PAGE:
Chesterton Tribune



Gun sales with training simulator approved for The Factory; Wilbar coming down for duplexes

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Ken Price hopes to have his new camouflage gear, ammunition and gun store open in The Factory by March 1.

Thursday night the Chesterton Board of Zoning Appeals granted two use variances allowing an apparel store and firearms sales at 1050 Broadway in an Industrial-1 zone.

The BZA also approved variances to allow demolition of the former Wilbar Manufacturing site on Park Avenue so it can be replaced with two duplexes, and to permit Shinn Building and Developing Corp. to build a single-family home at Westchester Avenue and Creita Street.

Permission for Price’s business legally was granted to B&B Developers Inc., owner of The Factory.

Town police chief Dave Cincoski said Price will have more security than two Chesterton stores that previously offered firearms and because Price’s store will be less than three blocks from the police station, response time would be fast in the event of a problem.

Price, a former Marine, will hire police and military personnel with firearms experience. He will have a Firearms Training Simulator or FATS with 300 different scenarios ranging from officer down, use of deadly force, personal security and firearm assembly/disassembly, the latter a common cause of injuries, said Price.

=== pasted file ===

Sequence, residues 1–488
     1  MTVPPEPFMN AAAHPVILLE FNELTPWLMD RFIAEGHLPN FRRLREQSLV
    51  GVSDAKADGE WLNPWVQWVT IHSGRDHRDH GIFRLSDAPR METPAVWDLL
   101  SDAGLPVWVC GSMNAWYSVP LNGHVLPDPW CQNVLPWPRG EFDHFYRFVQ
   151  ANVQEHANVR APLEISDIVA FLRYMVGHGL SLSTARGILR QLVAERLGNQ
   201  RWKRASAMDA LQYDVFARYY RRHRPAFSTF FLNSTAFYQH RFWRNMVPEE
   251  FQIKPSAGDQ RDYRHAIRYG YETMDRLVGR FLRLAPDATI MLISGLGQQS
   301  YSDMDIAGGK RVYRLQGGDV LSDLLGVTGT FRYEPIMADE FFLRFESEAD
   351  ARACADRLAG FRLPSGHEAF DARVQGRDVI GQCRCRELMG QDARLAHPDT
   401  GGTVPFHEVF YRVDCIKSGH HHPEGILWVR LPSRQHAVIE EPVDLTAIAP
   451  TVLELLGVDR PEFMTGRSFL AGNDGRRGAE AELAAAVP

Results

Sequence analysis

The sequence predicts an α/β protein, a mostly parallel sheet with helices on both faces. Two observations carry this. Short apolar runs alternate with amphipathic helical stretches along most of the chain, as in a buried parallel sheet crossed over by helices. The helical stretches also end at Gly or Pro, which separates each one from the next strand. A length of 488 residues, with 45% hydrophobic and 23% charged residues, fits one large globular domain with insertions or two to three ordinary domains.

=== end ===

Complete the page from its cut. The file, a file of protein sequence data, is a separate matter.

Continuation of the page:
The simulator can upload photos of existing homes or businesses to prepare for individualized scenarios “instead of hoping or thinking what you can do,” he said. “I’m bringing this for regular civilians to make them safer.”

Testing on FATS can cover National Rifle Association certification, said Price, and the laser simulator uses firearms tethered to a C02 bottle so an actual recoil can be felt. FATS uses a screen and a typical entertainment sound system, which Price said should not be too loud but he could soundproof the ceiling for other building tenants if necessary.

He noted issuance of his federal permit to sell firearms was awaiting a decision by the BZA after Cincoski signed off on the application.

Price’s attorney, Greg Babcock, said there has been no resistance from The Factory tenants, and the community previously supported a live shooting range and gun sales at now-closed Rangemaster Outfitters.

Camouflage-clad supporters of Price’s request were in the audience. William Hill II and Ricco Semento spoke in favor during a public hearing; no one spoke in opposition. J. Gusic submitted a letter of support.

Hill praised FATS classes saying firearms safety is important because “nobody wants anybody in Chesterton dying from a negligent discharge.” He noted customers coming to Price’s business are likely to stop at local restaurants and pubs while here.

Semento of Kouts said Price’s store will be a good thing for Chesterton and for area hunting/firearms enthusiasts in general.

BZA member Jim Kowalski said if Cincoski has no problem with selling firearms, neither does he. Member Sig Niepokoj asked if Price can require someone to take a FATS class; he replied no. Member Fred Owens said Rangemaster was a good option to have in town. Vote with president Rodney Corder in favor was 4-0; member Thomas Browne was absent.